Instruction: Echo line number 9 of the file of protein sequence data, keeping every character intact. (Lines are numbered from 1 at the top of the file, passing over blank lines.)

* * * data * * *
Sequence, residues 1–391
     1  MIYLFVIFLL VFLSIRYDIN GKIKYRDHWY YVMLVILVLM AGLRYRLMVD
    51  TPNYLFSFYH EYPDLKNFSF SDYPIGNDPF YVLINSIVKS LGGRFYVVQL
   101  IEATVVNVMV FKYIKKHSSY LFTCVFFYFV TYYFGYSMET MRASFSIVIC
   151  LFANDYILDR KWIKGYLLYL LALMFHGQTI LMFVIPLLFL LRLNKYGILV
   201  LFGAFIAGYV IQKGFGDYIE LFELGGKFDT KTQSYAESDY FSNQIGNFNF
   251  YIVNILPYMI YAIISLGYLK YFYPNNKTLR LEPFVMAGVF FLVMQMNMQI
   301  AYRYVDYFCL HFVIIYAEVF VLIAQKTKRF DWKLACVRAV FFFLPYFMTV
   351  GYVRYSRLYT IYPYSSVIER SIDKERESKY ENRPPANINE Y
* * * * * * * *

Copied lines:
   351  GYVRYSRLYT IYPYSSVIER SIDKERESKY ENRPPANINE Y